Nearly 75% of civil servants find security restricts digital progress

Digital-by-default is also not yet fully incorporated across the board

A survey of central government staff has revealed that most (74 percent) believe they would be more productive if the security controls on the devices that they use were less restrictive.

Last year, CESG, the information security arm of GCHQ, advised government that although Bring Your Own Device (BYOD) strategies are possible for public sector organisations, it is not recommended.

It appears that the government has adhered to the advice, as 95 percent of respondents to the Digital Public Services Survey said that they are not able to access applications they use on a daily basis on their mobile phones.

Civil Service World surveyed nearly 2,500 central government civil servants from departments including the Ministry of Defence (MoD), HM Revenues & Customs (HMRC) and the Department for Work and Pensions (DWP), on behalf of Unify, formerly Siemens Enterprise Communications.

Despite the government making some headway in making data more open, 46 percent of respondents said that being unable to use and share data because of technical controls was a major barrier to the civil service becoming 'more modern'. A fifth said that the lack of access to data prevented them from doing their jobs effectively.

Furthermore, few civil servants (just nine percent) were aware of the government's plans to streamline security controls so that information can be shared more easily on standardised IT. In October, the Cabinet Office announced a reduction in the number of Whitehall security classification levels from six to just three - Top Secret, Secret and Official. This will come into effect in April 2014.

Michael Bowyer, director of public sector strategy and CTO at Unify, said: "A key element of the Civil Service reform agenda is the shift to a modern workplace. Currently, security controls prevent individuals from maximising their full potential and the campaign has stagnated.

"Security should grow organically with the modern workplace and provide civil servants the platform where they have freedom to work productively and collaboratively while securing government data."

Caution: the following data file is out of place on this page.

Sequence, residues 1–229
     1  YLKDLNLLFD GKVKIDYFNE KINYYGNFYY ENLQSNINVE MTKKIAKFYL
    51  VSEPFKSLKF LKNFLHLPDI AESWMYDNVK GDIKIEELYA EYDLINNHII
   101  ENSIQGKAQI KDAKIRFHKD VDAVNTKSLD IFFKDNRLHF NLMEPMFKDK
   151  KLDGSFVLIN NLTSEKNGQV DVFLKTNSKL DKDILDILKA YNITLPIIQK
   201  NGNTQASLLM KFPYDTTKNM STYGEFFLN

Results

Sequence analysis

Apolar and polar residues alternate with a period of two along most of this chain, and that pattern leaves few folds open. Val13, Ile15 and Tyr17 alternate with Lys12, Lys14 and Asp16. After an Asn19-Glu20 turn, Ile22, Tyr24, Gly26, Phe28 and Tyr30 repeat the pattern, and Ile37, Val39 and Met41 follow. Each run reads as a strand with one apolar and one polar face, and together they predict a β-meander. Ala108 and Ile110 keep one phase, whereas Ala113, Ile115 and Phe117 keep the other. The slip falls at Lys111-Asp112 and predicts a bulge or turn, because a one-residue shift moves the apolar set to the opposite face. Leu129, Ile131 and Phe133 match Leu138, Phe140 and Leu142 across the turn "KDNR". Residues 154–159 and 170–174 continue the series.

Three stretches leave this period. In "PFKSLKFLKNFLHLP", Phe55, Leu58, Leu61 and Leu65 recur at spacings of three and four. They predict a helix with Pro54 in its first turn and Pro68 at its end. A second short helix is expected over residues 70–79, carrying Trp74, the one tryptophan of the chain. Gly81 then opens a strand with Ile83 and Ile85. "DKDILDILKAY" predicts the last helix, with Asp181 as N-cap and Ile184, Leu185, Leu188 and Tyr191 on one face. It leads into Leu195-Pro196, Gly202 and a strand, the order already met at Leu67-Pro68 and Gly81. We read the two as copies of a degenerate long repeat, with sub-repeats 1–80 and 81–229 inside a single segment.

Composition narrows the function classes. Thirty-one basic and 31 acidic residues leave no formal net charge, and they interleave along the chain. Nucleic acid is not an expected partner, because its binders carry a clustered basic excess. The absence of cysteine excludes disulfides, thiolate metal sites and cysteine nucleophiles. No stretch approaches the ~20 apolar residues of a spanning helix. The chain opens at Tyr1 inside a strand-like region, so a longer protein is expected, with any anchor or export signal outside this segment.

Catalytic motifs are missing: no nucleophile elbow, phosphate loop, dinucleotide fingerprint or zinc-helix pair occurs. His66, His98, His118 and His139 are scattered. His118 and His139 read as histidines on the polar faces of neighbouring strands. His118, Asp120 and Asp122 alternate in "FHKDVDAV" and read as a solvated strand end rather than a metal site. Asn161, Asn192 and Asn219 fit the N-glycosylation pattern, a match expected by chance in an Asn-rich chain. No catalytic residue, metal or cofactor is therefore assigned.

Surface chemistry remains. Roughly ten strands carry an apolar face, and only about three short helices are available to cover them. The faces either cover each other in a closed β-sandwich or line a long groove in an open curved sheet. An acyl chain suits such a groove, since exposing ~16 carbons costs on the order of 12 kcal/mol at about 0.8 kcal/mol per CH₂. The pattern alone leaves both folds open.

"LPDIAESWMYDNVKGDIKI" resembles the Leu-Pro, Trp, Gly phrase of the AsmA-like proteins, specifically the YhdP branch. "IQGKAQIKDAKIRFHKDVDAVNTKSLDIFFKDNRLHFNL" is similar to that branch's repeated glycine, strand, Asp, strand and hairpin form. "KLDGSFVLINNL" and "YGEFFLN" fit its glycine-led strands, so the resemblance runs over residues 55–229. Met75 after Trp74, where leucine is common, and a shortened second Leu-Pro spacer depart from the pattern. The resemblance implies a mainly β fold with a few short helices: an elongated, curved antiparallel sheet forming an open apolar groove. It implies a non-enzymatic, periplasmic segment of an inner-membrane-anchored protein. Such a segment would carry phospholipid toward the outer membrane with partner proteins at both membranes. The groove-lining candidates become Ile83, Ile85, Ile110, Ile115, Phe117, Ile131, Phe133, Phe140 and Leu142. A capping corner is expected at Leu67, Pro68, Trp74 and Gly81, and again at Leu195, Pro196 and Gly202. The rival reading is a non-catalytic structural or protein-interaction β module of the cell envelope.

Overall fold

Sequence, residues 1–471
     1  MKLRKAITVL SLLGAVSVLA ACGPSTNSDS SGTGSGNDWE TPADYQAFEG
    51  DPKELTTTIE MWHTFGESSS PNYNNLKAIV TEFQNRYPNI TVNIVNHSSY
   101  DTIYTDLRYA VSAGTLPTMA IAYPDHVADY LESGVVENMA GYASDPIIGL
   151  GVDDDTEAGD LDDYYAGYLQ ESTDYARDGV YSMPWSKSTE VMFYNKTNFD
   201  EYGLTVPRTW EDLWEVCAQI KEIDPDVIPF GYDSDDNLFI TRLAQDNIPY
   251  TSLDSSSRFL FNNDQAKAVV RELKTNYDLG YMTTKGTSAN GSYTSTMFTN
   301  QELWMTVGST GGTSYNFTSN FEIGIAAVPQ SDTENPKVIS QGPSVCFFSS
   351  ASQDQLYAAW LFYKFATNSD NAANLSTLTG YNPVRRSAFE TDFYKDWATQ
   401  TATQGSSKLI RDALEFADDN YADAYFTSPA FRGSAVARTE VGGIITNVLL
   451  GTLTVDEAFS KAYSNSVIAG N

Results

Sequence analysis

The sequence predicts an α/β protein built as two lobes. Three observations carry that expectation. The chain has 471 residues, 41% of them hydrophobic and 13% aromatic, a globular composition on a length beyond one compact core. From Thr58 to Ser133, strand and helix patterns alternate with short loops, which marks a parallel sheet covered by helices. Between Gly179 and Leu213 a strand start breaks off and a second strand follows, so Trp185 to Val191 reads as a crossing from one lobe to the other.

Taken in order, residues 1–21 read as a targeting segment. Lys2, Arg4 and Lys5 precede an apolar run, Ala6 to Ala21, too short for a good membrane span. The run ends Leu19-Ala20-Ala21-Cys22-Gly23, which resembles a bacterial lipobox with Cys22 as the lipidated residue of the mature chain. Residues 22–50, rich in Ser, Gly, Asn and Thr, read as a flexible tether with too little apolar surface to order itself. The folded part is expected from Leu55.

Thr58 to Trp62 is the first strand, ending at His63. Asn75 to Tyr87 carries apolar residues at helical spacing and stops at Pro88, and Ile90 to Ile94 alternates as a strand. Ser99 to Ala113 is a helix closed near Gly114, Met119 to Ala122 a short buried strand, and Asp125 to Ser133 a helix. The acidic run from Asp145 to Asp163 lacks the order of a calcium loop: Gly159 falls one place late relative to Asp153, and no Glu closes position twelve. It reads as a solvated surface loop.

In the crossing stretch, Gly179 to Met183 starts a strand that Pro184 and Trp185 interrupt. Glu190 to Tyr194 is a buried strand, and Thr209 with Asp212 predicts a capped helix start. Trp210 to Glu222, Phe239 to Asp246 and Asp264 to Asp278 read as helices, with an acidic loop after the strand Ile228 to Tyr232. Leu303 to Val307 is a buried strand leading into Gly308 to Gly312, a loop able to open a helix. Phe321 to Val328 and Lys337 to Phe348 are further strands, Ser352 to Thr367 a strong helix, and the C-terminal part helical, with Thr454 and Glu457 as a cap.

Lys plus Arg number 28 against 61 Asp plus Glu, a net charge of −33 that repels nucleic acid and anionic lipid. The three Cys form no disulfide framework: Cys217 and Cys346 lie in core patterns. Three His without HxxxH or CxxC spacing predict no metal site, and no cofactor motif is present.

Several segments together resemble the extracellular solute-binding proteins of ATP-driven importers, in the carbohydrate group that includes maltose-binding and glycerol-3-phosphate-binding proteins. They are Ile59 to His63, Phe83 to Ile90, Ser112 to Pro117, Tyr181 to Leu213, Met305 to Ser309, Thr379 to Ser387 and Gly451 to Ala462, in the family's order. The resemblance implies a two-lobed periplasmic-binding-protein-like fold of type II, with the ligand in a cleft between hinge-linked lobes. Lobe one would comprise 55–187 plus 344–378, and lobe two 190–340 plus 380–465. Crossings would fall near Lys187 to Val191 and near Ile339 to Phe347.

Digital-by-default progress

The survey also sought to discover civil servants' attitude to the government's digital-by-default agenda.

While 40 percent said that they were receiving clear leadership regarding the strategy, just 52 percent are aware of their digital leader.

Only 36 percent believed that their department has the skills and capabilities required to carry out the digital-by-default agenda, while 28 percent of people in IT roles were not even aware of digital initiatives within their own departments.

In addition, respondents believe that the rate at which central government is implementing new technology is too slow and therefore hampers productivity.

Only 20 percent of civil servants in IT roles feel that the implementation is being done quickly enough to be effective.

Meanwhile, just 39 percent of employees who have had access to new technology in the past three years are happy with the pace of the rollout.

Bowyer said: "Emerging technologies such as WebRTC will enable civil servants to access information and applications more efficiently and cost-effectively, but to have an impact they must be fully embraced by the public sector.

"For the benefits of new communications technology to be harnessed securely, the civil service must act quickly and proactively to implement the likes of WebRTC while it can be controlled. Longer implementation processes will not only see benefits diminish, they will see government departments lose control over their sensitive data."

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